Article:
In Estate of Powell v. Commisioner, 148 TC No. 18, the Tax Court determined that a decedent’s transfer of $10 million to a family limited partnership through her power of attorney followed by the transfer of her 99 percent interest to a charitable lead trust one week before death was void as outside the authority given in the power of attorney (concurring judges would have reached the same result but set the transfer aside as a sham).
In Byrne v. United States, 119 AFTR2d 2017-1824, the Sixth Circuit Court of Appeals reversed a Michigan Federal District Court, determining that the Chief Executive Officer and President did not willfully fail to pay over payroll taxes when they had no actual knowledge and relied on incorrect audited financial statements showing no unpaid taxes and accordingly did not personally investigate despite prior issues of unpaid taxes.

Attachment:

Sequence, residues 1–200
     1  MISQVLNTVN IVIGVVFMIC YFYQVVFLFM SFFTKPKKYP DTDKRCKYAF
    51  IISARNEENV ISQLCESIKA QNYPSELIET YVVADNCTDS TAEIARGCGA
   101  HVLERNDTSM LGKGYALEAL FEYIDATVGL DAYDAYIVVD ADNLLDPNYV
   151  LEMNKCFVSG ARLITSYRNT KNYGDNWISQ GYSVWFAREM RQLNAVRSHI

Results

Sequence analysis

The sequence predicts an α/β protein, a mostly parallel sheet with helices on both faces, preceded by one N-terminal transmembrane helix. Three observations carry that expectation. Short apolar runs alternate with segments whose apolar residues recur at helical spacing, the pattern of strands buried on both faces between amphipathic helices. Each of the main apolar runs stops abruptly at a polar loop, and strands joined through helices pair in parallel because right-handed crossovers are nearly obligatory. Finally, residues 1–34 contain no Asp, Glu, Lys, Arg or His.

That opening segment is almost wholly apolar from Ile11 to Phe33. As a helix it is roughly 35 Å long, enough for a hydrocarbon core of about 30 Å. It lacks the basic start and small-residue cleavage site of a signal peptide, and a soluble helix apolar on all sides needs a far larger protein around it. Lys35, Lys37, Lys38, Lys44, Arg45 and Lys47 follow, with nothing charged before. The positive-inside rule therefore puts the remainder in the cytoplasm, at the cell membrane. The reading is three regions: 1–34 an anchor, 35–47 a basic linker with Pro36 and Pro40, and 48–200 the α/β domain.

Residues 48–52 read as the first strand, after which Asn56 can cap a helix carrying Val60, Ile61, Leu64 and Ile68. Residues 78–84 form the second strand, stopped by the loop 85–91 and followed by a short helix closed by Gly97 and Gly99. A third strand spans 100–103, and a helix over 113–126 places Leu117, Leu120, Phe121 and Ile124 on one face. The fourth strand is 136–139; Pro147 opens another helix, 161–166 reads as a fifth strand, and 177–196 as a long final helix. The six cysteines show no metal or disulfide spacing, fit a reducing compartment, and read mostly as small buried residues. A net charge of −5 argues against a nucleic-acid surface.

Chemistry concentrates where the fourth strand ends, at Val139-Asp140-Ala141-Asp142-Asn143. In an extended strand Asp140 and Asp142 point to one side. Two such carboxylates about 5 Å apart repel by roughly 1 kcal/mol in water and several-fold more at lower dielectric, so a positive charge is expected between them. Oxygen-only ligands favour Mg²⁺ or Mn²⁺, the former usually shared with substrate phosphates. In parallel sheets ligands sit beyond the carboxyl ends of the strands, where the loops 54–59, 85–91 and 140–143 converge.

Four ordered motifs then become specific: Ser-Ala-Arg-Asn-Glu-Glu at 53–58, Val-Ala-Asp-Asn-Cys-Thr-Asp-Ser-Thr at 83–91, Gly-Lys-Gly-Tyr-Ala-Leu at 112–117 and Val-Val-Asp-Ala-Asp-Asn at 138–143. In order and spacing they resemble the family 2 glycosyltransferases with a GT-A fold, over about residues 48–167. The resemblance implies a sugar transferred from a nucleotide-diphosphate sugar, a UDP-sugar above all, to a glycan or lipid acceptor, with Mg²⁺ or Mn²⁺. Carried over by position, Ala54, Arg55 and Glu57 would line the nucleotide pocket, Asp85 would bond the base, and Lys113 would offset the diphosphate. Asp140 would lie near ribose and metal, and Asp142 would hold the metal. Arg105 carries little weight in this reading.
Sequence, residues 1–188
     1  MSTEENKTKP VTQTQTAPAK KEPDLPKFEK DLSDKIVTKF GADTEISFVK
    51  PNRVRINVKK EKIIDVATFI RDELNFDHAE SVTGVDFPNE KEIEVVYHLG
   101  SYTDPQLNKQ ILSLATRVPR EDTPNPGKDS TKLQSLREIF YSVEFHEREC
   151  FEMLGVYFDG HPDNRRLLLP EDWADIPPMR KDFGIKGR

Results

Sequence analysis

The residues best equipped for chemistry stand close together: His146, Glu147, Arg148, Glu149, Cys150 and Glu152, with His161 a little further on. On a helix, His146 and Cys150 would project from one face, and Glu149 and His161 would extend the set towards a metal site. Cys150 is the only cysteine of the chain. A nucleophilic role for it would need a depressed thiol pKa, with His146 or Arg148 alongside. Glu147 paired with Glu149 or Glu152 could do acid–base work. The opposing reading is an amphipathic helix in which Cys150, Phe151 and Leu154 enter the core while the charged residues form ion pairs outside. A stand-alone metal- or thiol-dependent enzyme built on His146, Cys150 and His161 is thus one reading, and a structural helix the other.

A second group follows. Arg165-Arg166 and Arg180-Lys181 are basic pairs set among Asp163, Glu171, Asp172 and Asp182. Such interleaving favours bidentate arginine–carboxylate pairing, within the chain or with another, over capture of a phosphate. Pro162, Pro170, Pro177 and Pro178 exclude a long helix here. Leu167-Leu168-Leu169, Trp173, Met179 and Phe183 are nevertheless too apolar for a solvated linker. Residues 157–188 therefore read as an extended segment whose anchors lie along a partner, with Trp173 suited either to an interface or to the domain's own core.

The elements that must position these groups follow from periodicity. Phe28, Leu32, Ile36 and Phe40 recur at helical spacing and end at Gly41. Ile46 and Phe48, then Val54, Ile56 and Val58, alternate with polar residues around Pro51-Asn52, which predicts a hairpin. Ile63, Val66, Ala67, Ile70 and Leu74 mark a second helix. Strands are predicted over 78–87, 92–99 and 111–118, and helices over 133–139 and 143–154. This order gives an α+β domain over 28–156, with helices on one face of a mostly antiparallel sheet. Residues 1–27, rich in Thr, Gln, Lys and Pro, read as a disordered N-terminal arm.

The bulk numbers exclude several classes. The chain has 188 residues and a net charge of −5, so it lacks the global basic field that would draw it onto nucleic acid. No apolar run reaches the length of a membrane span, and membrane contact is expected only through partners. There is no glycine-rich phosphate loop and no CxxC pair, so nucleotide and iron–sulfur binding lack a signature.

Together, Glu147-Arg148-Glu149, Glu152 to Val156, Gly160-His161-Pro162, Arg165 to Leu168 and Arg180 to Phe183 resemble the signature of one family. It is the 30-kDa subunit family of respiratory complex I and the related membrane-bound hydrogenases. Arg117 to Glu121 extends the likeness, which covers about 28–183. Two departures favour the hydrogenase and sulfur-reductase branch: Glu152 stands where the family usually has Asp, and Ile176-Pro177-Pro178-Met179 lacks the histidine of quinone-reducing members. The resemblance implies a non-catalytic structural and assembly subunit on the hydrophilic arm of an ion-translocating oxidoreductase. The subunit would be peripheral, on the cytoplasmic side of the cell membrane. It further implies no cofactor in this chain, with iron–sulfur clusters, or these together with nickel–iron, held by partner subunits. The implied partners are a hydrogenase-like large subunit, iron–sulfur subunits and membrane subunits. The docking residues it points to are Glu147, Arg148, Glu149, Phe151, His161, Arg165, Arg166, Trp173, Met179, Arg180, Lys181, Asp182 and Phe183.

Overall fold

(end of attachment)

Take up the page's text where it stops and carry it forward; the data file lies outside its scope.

In an Executive Order, President Trump directed that tax-exempt status not be denied nor any penalty be imposed on any religious organization for taking a political stance from a religious perspective.
In Letter Ruling 201717010, IRS determined that a C corporation which performed a particular medical test and prepared a laboratory report for health providers was eligible for the 100 percent exclusion on the disposition of small business stock, finding that it was not engaged in performing nonqualifying services in the field of health.